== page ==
Dr Rajagopal (RG), Distinguished Professor, is the recipient of the prestigious Pravasi Bharatiya Samman Award in the field of education.
He is the Professor of Marketing at EGADE Business School of Monterrey Institute of Technology and Higher Education (ITESM), Mexico City and a visiting professor at Boston University, Massachusetts and the University of Fraser Valley.
Dr Rajagopal has authored “Sustainable Growth in Global Markets” and “Butterfly Effect in Competitive Markets: Driving Small Changes for Large Differences”, which provides a comprehensive introduction to the concept of market and business management outside the domestic market.
Indo Thai News Special Correspondent Abhimanshu caught up with him on the sidelines of PBD 2023 at Indore, India. Excerpts from the conversation:
ITN: How often do you visit India?
RG: I have been very comfortable visiting India. It is my country, and I love being here. I feel elated every time I come to India. Here, I teach in some prominent business schools and universities, which is one reason for my frequent visit.
ITN: What do you feel differentiates the education imparted in India compared to the education system in Mexico?
RG: The principal difference that I find is that the students, particularly in business schools, choose to take up management education with a guarantee of employment through campus placements.
In the western hemisphere, be it American or Latin American universities, the focus is more on studies, and you must educate yourself. The brand name of the university, along with your calibre, helps you seek out a good job.
They understand that there is no job guarantee even if they have joined any particular management school. So, everyone works hard to learn new things and keep them updated.
ITN: Do they (students in the western hemisphere) learn diversely?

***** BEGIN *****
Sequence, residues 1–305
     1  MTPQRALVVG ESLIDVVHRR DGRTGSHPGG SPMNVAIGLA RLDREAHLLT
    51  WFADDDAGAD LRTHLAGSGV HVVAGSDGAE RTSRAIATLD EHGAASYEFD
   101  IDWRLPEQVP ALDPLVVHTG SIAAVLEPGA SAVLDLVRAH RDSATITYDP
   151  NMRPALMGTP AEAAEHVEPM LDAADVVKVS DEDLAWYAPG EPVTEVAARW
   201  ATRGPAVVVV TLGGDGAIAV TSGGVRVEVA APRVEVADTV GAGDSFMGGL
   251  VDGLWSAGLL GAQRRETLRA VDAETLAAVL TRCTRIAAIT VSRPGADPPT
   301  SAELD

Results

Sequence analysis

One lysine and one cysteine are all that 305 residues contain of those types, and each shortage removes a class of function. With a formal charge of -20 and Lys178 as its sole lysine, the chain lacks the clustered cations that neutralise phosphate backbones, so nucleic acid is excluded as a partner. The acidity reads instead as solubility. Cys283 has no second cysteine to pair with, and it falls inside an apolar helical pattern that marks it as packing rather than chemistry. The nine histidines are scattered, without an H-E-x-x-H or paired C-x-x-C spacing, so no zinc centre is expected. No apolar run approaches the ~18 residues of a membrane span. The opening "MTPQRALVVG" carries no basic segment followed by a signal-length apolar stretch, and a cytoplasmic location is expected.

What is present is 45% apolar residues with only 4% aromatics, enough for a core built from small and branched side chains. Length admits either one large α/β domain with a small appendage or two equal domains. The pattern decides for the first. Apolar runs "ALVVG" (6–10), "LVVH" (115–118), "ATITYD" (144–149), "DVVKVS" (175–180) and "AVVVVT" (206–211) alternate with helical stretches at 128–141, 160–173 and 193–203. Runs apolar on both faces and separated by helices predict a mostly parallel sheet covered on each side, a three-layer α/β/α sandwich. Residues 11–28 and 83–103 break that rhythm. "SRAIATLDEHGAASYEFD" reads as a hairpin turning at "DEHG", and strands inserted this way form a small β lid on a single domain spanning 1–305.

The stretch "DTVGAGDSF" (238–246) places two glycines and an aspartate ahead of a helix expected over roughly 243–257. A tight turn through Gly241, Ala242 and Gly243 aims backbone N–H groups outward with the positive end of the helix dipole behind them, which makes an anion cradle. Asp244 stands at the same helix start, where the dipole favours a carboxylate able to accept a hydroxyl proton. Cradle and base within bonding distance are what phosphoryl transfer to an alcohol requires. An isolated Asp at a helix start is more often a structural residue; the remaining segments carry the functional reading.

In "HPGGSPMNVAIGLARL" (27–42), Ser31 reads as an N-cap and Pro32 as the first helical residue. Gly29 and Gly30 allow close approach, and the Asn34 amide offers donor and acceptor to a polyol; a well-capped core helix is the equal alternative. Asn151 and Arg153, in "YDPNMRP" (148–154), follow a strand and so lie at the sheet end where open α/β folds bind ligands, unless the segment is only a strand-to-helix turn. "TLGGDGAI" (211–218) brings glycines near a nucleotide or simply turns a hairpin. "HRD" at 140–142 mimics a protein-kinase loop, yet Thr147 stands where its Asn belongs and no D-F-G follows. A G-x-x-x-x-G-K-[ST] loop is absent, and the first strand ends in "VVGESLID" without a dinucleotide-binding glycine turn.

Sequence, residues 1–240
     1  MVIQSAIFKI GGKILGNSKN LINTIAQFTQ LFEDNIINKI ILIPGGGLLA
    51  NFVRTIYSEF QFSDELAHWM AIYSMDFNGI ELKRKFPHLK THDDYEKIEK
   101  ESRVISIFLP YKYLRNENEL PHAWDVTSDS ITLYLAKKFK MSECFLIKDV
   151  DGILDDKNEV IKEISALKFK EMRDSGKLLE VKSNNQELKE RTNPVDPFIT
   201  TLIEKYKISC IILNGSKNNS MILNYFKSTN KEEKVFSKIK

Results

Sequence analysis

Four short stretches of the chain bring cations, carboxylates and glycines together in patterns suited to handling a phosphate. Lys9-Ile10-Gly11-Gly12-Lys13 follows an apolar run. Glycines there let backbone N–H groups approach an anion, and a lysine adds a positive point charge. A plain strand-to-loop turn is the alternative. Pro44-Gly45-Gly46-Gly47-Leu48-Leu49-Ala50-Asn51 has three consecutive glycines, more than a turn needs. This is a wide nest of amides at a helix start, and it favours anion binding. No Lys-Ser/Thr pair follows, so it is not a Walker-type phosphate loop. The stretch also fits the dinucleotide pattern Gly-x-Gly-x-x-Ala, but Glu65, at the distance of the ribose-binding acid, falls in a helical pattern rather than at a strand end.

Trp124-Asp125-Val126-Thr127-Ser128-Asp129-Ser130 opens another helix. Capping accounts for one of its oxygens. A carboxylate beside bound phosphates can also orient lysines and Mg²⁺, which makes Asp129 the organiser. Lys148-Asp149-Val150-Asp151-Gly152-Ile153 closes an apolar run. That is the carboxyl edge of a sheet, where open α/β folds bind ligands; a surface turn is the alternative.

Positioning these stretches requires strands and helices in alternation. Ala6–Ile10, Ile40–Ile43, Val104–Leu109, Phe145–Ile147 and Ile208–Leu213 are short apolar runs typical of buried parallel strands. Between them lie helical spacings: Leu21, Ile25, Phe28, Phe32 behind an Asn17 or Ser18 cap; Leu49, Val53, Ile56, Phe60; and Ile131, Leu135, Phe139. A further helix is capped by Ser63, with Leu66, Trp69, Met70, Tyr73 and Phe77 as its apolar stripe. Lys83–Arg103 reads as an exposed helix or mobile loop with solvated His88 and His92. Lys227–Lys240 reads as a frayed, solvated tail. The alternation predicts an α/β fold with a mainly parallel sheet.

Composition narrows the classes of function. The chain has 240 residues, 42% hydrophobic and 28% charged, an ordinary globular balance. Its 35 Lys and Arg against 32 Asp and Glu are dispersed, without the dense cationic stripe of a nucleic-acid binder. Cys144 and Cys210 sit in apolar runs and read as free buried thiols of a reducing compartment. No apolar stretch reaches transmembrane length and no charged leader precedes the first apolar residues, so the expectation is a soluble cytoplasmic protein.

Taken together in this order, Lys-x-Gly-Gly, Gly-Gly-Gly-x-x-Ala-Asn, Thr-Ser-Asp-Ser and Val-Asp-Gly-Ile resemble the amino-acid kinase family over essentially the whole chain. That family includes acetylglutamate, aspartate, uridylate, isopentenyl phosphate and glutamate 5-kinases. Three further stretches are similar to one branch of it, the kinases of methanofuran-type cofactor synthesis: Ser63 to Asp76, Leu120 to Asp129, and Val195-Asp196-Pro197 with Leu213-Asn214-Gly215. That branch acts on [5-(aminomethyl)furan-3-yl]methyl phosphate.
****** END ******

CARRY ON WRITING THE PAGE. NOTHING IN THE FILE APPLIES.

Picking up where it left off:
RG: Yes, they focus more on ‘knowing, doing and being’. They intend to know as much. The students are naturally inclined toward entrepreneurship, and seeking employment comes secondary to them.
Many Boston university students, when I ask them what they want to do after their MBA, always say, first, they want to try out their start-up. If it is successful, then it is fine. If not, then they would seek employment.
This is what I mean by ‘knowing, doing and being’. There is a dedication. The students believe that if they have learnt management, entrepreneurship and innovation, they must show it.
They initially want to harness their energy towards entrepreneurship rather than immediately joining a corporate office. They are much more inclined towards innovation and exhibiting their knowledge.
ITN: The Indian government, with its New Education Policy 2020, has laid down special emphasis towards research and innovation. How do you feel about that?
RG: This is a very positive step, but it should not be limited to classrooms. It should not be limited to case studies. See, you have to put the students in entrepreneurial shoes, which will help them develop entrepreneurial skills.
In other countries, we have entrepreneurial labs, where we try to teach the students how to develop a bankable proposal, go to them and try to get a loan.
ITN: You believe in pushing the students towards practical experience?
RG: Yes, students should be given practical learning experiences. I discovered that there is one institution, the Entrepreneurship Development Institute of India in Ahmedabad; they are more focused on developing practical knowledge. Their motive is that whoever joins the institute should come out as an entrepreneur.